Teams are the beating heart of business, and effective teamwork improves problem-solving, drives motivation, deepens relationships and empowers individuals. But teams are not always effective, and problems like social loafing, personality conflicts and a culture of individualism, can destroy productivity.
Although, perhaps inevitably, training often occurs in silos, few executives would deny the value of teamwork training: Cross-functional understanding and relationships are at the core of effective business management. However to be effective, teamwork training needs to be supported by the right organizational culture and training tools.
Business simulations are almost always team-based competitive training tools. As such, business simulations are not just a great way of teaching the mechanics of teamwork, they also – by making teams practice together in a risk-free environment – help to foster an organizational culture that supports it.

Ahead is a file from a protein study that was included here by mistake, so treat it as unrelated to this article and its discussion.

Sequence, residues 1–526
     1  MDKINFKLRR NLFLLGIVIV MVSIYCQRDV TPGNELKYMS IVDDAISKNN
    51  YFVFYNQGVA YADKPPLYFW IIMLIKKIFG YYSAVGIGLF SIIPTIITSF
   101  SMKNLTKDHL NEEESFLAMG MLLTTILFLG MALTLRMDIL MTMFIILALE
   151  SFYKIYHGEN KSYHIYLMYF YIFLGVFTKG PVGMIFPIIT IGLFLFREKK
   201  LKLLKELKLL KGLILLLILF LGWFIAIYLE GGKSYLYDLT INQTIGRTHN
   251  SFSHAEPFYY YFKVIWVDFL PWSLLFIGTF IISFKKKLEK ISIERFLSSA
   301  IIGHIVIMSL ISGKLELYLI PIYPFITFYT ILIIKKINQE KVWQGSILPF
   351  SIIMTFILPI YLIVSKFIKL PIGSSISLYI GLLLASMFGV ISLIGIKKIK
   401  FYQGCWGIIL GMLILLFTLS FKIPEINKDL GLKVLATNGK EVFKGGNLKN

Teamwork Training Using Simulations
As with any business simulation based training, effective teamwork training using simulations requires that instructors and training directors take a methodical approach to planning, executing and monitoring the training. Below, we offer here a 9 step process to developing an effective teamwork training program using business simulations.
Step 1: Training need identification, positioning & planning
The first step is to identify the training need that your organization might face: this should be more specific than ‘more teamwork’! Think, for example, about whether your focus is on something more prosaic, like a regular team-building exercise, something more ambitious in scope, like cultural transformation or something more technical such as digital collaboration, agile training or cross-functional training. You should also be thinking about what job performance indicators can be used to baseline current performance and measure any improvements that come as a result of your training program.
Also, don’t forget that the teamwork training needs and availability of managers may differ depending on their seniority and function, so plan and market the training accordingly.
Step 2: Identify key learning outcomes
At its core, effective teamwork is composed of a number of processes and competencies that have been well articulated in educational literature (see table).